The Cutting Edge recently spoke with Leon Pantenburg, who runs the fantastic site Survival Common Sense and teaches survival courses, on what makes a good survival knife. To learn more indispensable survival skills, check out his site.
1. What are the traits of a good survival knife?
It depends on the person and where you are. In the wilderness I would want a non-folder, fixed-blade knife with a good sheath and want the blade to be between 4 to 6 inches long. I don’t want a serrated edge, I don’t want a gut hook, and I don’t want a handle that’s going to be slippery because this knife will be called upon to do a myriad of things.
Also, it’s critical that it’s lightweight and compact because otherwise it won’t be carried. It doesn’t matter how good of a piece of equipment it is. If it’s back in the car because it’s too heavy, then it does you no good.
2. Do you think a straight edge, serrated or partially serrated blade is best?
I don’t like serrated for a number of reasons. One, their value is limited. They’re good for sawing ropes and that’s pretty much it. Two, once they get dull, most people can’t sharpen them without special equipment. Three, the serrated edge takes away a good chunk of your knife’s usefulness because you can’t really slice with a serrated edge. Generally, I don’t see any value that warrants taking an inch or two from your blade to have serrations on it. I must point out that most of these survival knives are designed by people who work in cubicles and don’t use the equipment.
3. For those who might not know, is there a difference between a survival knife and a combat or tactical knife?
This whole tactical thing is a joke. They take a knife, blacken the blade and call it a tactical knife. In reality, a tactical knife with a blackened blade is only useful if you’re sneaking up behind someone in the dark or some fantastic situation that’ll never happen. If you look at World War II knives that were actually tactical, they weren’t all camoed up. If you look at a Marine KA-BAR knife, which was a standard tactical or combat knife, it looked like a normal knife. I never heard of anyone getting shot because someone saw their knife.
4. Does the size of a survival knife matter? Is the bigger the better?
I carry a variety of sizes of knives. The biggest one I carry is the Cold Steel SRK and that’s generally for hunting. I also carry a Mora Knife, which is a Scandinavian fixed-blade knife that has a 3- to 4-inch blade on it. Then, I carry my Swiss Army classic. Generally, those three knives go with me most places.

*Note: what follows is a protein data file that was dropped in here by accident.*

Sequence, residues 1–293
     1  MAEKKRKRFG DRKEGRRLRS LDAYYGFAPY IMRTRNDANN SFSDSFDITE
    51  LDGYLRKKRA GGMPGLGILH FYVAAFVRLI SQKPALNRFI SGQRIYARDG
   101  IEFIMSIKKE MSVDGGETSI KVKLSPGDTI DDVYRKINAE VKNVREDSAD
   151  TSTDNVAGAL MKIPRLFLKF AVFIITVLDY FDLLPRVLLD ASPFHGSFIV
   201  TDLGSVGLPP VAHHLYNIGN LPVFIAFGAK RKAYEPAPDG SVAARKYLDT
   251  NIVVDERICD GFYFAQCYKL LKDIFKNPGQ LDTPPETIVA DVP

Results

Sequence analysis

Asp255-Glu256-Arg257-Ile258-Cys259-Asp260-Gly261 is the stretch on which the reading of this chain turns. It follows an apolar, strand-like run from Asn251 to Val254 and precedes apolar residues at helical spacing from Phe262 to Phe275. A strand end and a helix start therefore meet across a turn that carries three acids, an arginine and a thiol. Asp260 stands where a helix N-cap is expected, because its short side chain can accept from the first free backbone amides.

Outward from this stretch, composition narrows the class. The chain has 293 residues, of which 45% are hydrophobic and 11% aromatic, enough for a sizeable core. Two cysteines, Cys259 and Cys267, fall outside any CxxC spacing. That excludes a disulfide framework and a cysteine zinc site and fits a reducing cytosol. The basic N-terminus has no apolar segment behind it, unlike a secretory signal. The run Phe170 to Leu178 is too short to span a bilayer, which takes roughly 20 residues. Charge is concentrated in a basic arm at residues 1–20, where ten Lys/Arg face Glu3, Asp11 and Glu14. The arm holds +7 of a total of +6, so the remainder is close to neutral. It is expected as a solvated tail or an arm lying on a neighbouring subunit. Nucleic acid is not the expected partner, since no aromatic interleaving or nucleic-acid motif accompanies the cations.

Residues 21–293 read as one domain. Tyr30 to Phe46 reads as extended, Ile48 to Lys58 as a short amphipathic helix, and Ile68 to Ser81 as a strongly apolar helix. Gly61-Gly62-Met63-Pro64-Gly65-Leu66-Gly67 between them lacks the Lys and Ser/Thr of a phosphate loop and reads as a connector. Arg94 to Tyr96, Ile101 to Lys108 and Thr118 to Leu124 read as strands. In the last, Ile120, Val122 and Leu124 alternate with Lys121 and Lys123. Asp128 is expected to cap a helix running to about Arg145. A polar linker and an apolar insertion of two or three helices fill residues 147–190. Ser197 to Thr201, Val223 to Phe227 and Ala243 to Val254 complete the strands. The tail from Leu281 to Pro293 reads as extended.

5. How essential is a knife to the survival of someone who’s lost?
That’s an interesting question. If you are lost in the woods and don’t have a tool, then you’re in a bad situation. I would recommend a knife as the best tool. However, in some situations, it might be more useful to have a signal mirror than a knife because you can signal a helicopter. Likewise, if you are in deep snow, it might be better to have a tarp as opposed to a survival knife. That being said, a survival knife would be my choice of tool if I could only have one thing to take into the wilderness.
6. What types of things could you do with a knife in a survival situation?
You might be able to whittle sticks to make a shelter or whittle sticks to start a fire. You might need to create a tool such as a pair of snowshoes or something like that. You might need to clean a fish, squirrel or small game animals. There’s any number of things you’d use the knife for. Defense would probably be right at the bottom of what you’d use the knife for in a survival situation because someone who has a survival knife can whittle a nice long staff or club that’s more effective than trying to have a knife fight with somebody.
For more information on survival knives, check out Leon’s blog on the best survival and hunting knives.
September 18, 2011 at 3:26 am
Ingenuity is key. A peace of metal sharpened on a rock could be a wonderful survival knife.
September 22, 2011 at 1:10 pm
I would not go out with a Knife with out a partially serrated blade. I recently spent 3 days outdoors in Feb of 2011 in 8 degree temps with n tent or sleeping bag, I was testing and using my survival gear and tried several knives. I will tel you that I needed plenty of tall grass for insulation and roof cover and it was an absolute struggle to cut with just a straight blade. The serrated edge went right through it with much more ease. Being cold, wearing gloves and being tired increases your risk of potentially cutting yourself. Now if you have to struggle to make those cuts…..this risk is higher. BTW….the chances of your serrated edge actually dulling in a survival situation is probably about the same as you getting shot because of a shiny knife blade.
September 29, 2011 at 3:54 am
Here is a knife review I didn’t write about the Gerber Bear Grylls knife. The serrated edge did not hold up to hard use: http://www.survivalcommonsense.com/2011/06/08/bear-grylls-knife-reviewfeed/.
And FYI: One of my hunting buddies swears by the gut hook on his knife, and claims he wouldn’t have a hunting knife without one!
October 4, 2011 at 10:39 pm
Hi I have never heard of any hunter using a knife with a serrated edge. I have used the one on my Leatherman super tool for hunting and skinning and I just sharpened it with my butchers steel. Normally I would use a skinning knife like the Buck or the Fallkniven PHK series type hunting knife. The Fallkniven will make a great survival knife also because it is made way better than most hunting knives for this purpose.
June 22, 2017 at 10:58 pm
Check out the Blackbird SK-5! No, I do not receive any compensation for recommending this knife, or any other knife for that matter. I do think it meets many requirements of a true survival knife.